The Personal Blog of Stephen Sekula

Moon over New York City

I am currently in Killingworth, CT, spending a very wonderful day with my mother and father. I arrived last night, after landing in Newark and driving to Connecticut. But,I digress. How did this trip begin?

I was originally scheduled to give a seminar at Princeton, but it turns out that the research I was to present needs a little more time to stew. I swapped seminars with a colleague of mine, but kept the trip. This trip is a chance to see my folks, and spend a week at MIT working with my colleagues. However, this trip was somewhat badly timed. In order to spend time with my folks, I needed to fly on Saturday morning. Jodi arrived from her latest block of shifts on Friday night, at 11:07 pm. This little problem – two physicists on schedules that are largely out-of-phase – is the two-body problem.

In physics, the one-body problem can be solved exactly. Therefore, say authorities like Goldstein, the two-body problem can largely be solved exactly. In fact, mathematically it has an exact solution. The three-body problem cannot be solved exactly, although approximations or numerical simulations yield interresting islands of results. The N-body problem, where a number N bodies are involved, is impossible to solve exactly by can be crunched numerically by big computers.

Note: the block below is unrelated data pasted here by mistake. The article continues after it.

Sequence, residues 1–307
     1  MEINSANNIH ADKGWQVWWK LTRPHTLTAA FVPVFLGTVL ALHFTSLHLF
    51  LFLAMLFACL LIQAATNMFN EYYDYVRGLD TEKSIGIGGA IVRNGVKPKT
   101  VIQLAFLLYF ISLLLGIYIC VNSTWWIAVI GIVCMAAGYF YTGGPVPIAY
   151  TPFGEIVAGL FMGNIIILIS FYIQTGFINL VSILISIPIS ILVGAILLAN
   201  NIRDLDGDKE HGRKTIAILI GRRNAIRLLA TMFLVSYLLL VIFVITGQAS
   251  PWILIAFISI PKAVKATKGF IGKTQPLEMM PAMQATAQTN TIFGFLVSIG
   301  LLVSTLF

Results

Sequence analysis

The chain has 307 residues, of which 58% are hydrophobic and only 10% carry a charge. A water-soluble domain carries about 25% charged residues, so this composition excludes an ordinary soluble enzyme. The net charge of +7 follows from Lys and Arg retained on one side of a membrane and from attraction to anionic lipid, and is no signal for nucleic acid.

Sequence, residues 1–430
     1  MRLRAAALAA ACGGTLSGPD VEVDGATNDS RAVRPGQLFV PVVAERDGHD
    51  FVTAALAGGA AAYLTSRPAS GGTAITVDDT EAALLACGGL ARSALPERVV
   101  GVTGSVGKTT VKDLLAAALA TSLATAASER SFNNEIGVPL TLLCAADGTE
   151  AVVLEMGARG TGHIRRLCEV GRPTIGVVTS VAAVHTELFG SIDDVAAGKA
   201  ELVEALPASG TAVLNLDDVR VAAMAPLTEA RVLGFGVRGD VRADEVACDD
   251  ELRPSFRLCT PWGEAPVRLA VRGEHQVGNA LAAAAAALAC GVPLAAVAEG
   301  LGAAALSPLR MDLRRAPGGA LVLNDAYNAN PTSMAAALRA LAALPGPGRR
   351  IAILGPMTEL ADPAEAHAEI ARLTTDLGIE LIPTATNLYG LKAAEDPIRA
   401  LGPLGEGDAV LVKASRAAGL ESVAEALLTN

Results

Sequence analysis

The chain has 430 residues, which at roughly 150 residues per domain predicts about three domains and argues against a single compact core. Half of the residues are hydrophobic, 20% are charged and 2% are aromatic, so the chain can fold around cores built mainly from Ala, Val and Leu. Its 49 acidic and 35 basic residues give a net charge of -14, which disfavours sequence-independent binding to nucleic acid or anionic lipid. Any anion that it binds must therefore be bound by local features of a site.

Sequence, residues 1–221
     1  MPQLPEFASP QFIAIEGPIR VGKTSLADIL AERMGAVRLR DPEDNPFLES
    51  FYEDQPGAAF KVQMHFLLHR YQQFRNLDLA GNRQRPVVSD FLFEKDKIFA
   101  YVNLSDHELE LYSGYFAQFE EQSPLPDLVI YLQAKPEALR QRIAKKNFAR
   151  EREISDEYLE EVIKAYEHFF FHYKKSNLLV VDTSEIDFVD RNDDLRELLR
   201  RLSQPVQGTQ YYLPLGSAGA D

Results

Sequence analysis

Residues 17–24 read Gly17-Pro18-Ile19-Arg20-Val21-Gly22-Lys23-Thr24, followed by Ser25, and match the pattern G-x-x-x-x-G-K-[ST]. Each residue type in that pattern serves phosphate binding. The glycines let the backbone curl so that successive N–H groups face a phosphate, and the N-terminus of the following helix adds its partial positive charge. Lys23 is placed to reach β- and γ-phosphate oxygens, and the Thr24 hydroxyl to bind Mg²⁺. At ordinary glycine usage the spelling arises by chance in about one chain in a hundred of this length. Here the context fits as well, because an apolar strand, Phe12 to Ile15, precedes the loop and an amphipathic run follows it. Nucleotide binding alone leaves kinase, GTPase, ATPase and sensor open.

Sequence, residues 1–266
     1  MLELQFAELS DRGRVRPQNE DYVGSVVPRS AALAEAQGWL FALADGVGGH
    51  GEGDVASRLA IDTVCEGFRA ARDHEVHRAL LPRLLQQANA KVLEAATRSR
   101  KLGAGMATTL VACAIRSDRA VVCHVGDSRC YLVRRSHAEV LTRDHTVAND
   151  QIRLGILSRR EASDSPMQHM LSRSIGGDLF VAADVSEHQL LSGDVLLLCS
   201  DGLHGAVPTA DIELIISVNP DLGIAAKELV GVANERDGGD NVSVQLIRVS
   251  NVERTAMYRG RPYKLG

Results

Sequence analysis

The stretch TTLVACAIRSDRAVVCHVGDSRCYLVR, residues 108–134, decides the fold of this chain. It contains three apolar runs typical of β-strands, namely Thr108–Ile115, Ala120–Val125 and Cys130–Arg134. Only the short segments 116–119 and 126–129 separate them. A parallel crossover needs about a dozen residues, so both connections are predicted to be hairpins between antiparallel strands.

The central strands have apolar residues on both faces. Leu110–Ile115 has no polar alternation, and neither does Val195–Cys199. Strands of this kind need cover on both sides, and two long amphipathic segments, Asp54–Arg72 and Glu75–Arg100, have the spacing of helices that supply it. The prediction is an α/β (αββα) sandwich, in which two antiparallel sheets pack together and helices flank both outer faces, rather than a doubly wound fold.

Jodi and I don’t need a computer to solve our problem exactly, but despite Goldstein’s optimism it is a tricky problem. If I picked Jodi up at 11:07, we’d get home around midnight. By the time we got to sleep, it would only be about four hours before I had to get up and get to the airport for my 7:45 am flight. If Jodi were late – which she usually is – then we’d get even less time together and a lot less sleep. Instead, I booked us a room at the Clarion at the end of the runway, on Millbrae Ave. It was a few minutes from the airport to the hotel, so we were guaranteed more sleep. In addition, there was a shuttle to the airport in the morning, so I could leave without waking Jodi. Another two-body problem solved!

By the time I hit the road from Newark, the moon was rising behind New York. I had a beautiful view of the moon, low in the sky and distorted by the atmosphere, rising behind the New York skyline. It dwarfed the skyscrapers, and seemed a gem set in a jagged steel band. That view made the slow traffic over the George Washington Bridge seem a little more tolerable.